Plaintiffs Appealing Case Management Order 100 v. Pfizer, Inc., No. 17-1140 (4th Cir. 2018)

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Justia Opinion Summary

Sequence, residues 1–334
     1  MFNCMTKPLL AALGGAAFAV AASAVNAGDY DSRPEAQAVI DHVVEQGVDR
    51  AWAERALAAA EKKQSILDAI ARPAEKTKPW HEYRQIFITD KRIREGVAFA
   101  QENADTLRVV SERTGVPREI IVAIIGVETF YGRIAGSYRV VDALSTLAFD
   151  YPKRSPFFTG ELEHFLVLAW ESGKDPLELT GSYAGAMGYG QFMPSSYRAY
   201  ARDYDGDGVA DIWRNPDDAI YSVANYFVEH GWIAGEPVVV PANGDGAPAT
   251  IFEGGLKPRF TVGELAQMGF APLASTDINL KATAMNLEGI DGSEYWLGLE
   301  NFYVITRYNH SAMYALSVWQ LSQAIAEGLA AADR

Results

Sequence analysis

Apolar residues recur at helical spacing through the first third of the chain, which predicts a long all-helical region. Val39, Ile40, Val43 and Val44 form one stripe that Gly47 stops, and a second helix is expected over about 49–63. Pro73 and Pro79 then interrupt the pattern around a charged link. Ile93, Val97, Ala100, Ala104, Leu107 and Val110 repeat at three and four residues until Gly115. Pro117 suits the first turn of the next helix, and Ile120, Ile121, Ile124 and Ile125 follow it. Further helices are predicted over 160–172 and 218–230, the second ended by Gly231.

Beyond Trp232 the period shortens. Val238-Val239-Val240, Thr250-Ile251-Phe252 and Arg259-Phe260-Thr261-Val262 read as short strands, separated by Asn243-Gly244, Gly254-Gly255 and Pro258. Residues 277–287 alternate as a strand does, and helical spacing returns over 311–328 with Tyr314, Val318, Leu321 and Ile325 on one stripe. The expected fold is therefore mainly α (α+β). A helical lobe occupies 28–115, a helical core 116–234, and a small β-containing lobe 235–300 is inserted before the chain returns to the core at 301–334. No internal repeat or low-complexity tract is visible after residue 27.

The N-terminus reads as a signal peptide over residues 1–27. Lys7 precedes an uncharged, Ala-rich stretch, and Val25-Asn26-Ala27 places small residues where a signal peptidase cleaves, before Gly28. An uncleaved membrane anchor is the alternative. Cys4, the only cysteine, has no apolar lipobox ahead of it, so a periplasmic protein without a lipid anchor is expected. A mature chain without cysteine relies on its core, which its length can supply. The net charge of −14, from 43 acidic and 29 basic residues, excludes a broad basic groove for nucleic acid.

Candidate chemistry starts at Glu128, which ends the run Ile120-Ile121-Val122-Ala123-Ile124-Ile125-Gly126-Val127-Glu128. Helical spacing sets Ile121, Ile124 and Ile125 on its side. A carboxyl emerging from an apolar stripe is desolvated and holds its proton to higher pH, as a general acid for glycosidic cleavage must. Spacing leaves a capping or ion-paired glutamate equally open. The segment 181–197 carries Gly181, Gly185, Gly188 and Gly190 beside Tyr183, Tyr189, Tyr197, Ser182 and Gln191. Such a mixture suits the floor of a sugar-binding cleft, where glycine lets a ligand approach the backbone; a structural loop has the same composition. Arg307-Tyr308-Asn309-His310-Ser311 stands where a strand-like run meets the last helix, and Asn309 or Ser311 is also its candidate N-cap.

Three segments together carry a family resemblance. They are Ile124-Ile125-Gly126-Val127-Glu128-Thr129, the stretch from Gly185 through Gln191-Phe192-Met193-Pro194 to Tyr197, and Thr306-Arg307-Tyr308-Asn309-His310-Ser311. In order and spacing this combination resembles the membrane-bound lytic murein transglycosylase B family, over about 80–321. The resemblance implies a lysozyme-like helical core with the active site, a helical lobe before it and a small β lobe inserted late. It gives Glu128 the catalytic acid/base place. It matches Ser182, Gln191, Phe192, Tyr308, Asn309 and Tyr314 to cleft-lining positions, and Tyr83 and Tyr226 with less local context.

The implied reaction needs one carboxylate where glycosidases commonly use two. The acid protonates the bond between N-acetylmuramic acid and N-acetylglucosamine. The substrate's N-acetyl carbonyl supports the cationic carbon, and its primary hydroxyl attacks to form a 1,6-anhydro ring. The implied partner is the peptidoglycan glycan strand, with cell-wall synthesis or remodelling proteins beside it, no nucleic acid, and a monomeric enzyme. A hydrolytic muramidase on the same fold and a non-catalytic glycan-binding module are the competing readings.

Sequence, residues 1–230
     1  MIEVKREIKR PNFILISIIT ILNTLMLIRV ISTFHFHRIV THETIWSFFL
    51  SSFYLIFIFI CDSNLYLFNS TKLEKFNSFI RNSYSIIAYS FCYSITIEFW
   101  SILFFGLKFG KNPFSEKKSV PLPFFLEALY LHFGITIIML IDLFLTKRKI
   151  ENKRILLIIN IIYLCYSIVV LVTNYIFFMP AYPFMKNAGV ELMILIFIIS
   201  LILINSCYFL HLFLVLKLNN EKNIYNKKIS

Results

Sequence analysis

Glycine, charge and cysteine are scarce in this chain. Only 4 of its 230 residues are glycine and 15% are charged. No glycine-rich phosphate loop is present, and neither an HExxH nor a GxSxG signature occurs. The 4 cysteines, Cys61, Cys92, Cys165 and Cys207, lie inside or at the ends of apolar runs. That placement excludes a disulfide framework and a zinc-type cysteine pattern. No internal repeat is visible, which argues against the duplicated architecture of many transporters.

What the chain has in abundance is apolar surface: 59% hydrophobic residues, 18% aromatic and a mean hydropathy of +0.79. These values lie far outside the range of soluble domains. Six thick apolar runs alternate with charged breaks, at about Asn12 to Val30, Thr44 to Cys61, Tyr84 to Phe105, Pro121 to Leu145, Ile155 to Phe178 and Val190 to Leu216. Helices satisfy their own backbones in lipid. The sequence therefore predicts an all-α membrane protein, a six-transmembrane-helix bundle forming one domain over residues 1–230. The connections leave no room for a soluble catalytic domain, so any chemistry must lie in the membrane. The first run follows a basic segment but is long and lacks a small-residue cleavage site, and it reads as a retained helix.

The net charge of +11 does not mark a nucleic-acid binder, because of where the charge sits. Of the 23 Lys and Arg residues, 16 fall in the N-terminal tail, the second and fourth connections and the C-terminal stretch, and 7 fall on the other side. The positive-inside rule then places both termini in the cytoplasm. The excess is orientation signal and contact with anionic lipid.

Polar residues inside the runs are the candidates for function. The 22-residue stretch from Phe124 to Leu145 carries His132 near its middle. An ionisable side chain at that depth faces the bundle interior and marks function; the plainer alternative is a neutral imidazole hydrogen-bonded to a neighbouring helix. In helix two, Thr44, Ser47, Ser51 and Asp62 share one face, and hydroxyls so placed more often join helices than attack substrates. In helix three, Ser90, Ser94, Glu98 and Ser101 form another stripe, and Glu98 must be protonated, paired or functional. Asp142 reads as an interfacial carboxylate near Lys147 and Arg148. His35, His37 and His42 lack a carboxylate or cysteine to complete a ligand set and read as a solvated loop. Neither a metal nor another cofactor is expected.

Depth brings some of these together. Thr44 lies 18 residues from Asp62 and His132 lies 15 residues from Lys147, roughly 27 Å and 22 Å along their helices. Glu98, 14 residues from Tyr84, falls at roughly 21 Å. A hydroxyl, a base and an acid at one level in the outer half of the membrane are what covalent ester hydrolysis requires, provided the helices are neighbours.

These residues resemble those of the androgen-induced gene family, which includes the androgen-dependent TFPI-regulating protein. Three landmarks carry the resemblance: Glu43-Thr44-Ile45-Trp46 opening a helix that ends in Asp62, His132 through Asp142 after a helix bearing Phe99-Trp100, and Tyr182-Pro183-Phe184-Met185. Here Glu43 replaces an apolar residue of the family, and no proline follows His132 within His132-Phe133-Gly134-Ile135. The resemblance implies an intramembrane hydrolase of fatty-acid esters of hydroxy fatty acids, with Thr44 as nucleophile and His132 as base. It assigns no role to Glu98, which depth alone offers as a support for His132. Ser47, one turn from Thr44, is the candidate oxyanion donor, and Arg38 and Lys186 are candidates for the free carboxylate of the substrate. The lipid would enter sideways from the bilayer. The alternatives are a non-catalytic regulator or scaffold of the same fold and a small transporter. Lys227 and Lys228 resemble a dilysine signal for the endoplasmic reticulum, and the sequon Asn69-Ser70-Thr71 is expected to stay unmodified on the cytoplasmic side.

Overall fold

Lipitor, a pharmaceutical drug, is prescribed to lower patients’ “bad” cholesterol and triglycerides. Plaintiffs, more than 3,000 women, claim that they developed diabetes as a result of taking Lipitor. The Judicial Panel on Multidistrict Litigation consolidated the lawsuits for pretrial proceedings. The parties agreed on four bellwether cases. Plaintiffs enlisted general experts, to testify that there was a causal association between Lipitor and diabetes; specific experts, to testify that Lipitor proximately caused the onset of diabetes in the bellwether plaintiffs; and an expert biostatistician, who concluded that taking Lipitor led to a statistically significant increased risk of diabetes. Plaintiffs also sought to introduce internal Pfizer emails, information from Lipitor's labeling, a statement in Lipitor's FDA New Drug Application, and information from the Lipitor website. Citing Federal Rule of Evidence 702, the court excluded the opinions of the statistician; the general causation expert, except relating to a specific dosage; and the specific causation opinions. The rulings left the plaintiffs without their bellwether cases, limited to a subset of patients who had taken an 80 mg dose. The court issued show-cause orders asking whether any plaintiff could submit evidence that would enable her claim to survive summary judgment given prior rulings. Some plaintiffs submitted evidence showing only that they were not diabetic before taking Lipitor, that they were diagnosed with diabetes after taking Lipitor, and that they lacked certain risk factors that might make them especially likely to develop the disease. After the court rejected the evidence, the plaintiffs unsuccessfully argued that the cases ought to be returned to their transferor district courts for individual resolution on the issue of specific causation. The Fourth Circuit affirmed summary judgment for the defendants.